The San Francisco 49ers left the Buckeye State with a top-three offense and top-ten defense, feeling ready to take on the cream of the National Football League.

Nearly everything was perfect until veteran tackle Joe Staley broke his fibula late in the Week 2 game against the Cincinnati Bengals. It's estimated he'll miss up to eight weeks of football.

As noted in previous commentaries, my desire for the 49ers is a top-tier offensive line with three men in reserve with the talent to fill-in for a starter if necessary.

The world does not often fulfill such a concrete fascination.

All week I wanted general manager John Lynch to make a move and sign a quality tackle to fill in for Staley. Lynch clearly felt differently and instead will rely upon sixth-round rookie Justin Skule to hold down the left tackle position.

The 49ers also brought veteran tackle Sam Young back onto the squad, most likely to back up Skule.

There is a meat-hook reality that many fans, including myself, often ignore: there are no top-tier left tackles on the market right now. The 49ers' starting rookie left tackle is the best they can do at this moment.

The idea of Skule protecting quarterback Jimmy Garopplo's blindside turns my blood to liquid helium, but head coach Kyle Shanahan can employ a few tricks to help his rookie tackle.

1st Quarter: 1st and 10 at the SF 49 (13:05)




A power-running attack is a strategy that never goes out of fashion. Even Shanahan, who's better known for his zone attack, has a few power runs in his arsenal.

I Left, Z Left, 17 Power was the first play Shanahan called against the Bengals, which resulted in a six-yard gain from running back Matt Breida.

A coach at any level of football can draw up a power run in a way that fits his scheme, but the core elements remain the same.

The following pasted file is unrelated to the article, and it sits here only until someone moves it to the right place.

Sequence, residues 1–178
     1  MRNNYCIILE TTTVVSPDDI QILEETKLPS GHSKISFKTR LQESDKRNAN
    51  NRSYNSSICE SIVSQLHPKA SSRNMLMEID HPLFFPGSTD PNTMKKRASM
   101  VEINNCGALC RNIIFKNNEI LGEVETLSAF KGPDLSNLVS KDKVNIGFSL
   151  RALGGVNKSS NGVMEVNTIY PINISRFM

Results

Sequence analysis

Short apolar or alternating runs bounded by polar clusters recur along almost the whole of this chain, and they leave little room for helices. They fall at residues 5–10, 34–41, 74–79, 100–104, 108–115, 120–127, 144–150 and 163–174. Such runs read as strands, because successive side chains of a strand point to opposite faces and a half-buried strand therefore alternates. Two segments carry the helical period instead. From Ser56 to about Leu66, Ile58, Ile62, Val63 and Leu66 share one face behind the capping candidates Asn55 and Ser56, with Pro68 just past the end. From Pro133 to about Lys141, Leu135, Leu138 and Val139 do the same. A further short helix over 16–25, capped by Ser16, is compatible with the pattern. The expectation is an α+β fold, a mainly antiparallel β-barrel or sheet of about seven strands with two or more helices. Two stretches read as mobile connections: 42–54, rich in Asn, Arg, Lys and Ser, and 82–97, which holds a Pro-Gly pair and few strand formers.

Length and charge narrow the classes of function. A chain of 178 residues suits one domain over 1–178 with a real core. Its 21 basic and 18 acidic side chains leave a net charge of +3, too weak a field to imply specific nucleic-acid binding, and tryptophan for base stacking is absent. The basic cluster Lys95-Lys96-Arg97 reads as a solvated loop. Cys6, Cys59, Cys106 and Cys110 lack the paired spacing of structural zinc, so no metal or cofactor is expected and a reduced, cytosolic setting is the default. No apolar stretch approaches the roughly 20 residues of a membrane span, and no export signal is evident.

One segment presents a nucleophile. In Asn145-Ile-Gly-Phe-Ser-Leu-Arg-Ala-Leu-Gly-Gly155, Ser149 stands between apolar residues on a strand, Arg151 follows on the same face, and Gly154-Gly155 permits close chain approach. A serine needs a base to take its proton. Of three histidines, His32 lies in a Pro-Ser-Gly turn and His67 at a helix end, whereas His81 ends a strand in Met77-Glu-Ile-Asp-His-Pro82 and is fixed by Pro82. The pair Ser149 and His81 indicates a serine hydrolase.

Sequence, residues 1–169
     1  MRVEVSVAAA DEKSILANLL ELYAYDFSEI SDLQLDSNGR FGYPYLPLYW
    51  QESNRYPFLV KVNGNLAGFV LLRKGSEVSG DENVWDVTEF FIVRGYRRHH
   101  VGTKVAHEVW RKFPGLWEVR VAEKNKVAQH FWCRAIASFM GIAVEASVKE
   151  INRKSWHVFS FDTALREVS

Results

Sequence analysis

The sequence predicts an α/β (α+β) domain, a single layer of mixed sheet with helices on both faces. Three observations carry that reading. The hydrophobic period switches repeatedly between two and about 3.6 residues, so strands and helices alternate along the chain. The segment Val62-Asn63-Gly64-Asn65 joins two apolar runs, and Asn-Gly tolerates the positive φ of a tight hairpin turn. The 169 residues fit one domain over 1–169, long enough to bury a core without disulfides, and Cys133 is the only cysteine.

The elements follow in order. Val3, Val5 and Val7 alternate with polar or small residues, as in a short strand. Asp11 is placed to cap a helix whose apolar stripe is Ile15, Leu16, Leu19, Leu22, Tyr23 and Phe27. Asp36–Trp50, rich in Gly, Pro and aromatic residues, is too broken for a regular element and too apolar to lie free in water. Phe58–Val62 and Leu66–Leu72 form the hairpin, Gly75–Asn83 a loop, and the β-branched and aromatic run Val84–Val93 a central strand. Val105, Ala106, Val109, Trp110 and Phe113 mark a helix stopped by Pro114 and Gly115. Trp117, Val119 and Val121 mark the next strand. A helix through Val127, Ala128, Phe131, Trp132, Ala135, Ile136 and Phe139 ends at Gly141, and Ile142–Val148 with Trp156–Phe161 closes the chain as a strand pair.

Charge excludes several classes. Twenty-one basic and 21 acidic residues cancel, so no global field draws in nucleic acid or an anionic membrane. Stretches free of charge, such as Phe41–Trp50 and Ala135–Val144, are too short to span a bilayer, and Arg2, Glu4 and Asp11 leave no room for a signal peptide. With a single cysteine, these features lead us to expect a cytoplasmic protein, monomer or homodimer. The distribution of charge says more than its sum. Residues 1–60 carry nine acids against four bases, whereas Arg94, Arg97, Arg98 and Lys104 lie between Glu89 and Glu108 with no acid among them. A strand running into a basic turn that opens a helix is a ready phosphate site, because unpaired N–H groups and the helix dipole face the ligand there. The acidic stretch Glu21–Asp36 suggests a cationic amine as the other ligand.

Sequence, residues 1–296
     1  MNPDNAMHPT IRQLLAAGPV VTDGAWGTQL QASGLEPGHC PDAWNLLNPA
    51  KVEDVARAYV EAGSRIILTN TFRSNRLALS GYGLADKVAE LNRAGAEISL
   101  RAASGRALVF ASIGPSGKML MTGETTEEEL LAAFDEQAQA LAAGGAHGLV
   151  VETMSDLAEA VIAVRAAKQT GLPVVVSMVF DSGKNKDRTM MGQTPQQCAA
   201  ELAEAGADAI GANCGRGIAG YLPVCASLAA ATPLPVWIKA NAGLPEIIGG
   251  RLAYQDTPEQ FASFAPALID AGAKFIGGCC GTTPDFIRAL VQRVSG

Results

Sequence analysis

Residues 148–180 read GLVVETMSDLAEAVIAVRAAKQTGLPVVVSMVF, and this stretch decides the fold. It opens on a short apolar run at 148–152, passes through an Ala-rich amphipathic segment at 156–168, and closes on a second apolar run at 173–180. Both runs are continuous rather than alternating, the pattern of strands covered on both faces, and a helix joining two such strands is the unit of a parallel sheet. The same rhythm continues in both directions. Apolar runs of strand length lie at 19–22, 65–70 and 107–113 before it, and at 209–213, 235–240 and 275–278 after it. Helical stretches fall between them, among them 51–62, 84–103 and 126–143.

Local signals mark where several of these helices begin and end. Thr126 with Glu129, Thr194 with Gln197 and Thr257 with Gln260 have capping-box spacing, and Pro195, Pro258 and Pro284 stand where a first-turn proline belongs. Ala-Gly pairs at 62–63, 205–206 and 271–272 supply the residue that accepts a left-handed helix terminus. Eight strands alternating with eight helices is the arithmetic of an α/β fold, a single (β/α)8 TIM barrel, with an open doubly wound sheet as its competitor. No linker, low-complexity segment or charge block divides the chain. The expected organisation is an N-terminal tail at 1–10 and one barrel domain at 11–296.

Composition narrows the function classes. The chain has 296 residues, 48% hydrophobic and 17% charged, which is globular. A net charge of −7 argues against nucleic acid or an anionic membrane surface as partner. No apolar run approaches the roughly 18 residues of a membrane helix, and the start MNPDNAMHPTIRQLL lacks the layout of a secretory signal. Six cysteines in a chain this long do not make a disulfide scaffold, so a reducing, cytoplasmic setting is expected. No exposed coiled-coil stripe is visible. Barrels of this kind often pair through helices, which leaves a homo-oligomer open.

The tackle and tight end block down, a fullback smashes an edge defender, and a pulling guard swings through to clean up any pesky linebackers.

There are variations on the design, such as a one-back power run, not pulling a guard, or even targeting a different defender as the victim of the attack. No matter which variation of power Shanahan calls, I guarantee Skule's blocked a few thousand power runs in his career.

Shanahan's play-action off power runs are the P14/15 protections. The 49ers opened the 3rd quarter against Cincinnati using P14 Weak play-action, which gained 39-yards.



2nd Quarter: 2nd and 20 at the SF 15 (14:15)




The results of the above play were not in favor of the 49ers. Garoppolo misread the coverage and threw an interception.

So, ignore the turnover and instead look at 3/300 Jet protection.

Jet is six-man protection that slides four offensive linemen one direction, leaving a tackle and back to pick up the other side. 2/200 Jet slides four linemen to the weak side, while 3/300 Jet slides the line strong.

In all instances, the Y-receiver will be running a route.

The back reads inside-out on Jet protection, starting head up over the center and working his way to the edges. He could have responsibility for a Mike or Sam linebacker, an edge defender or even a blitzing strong safety.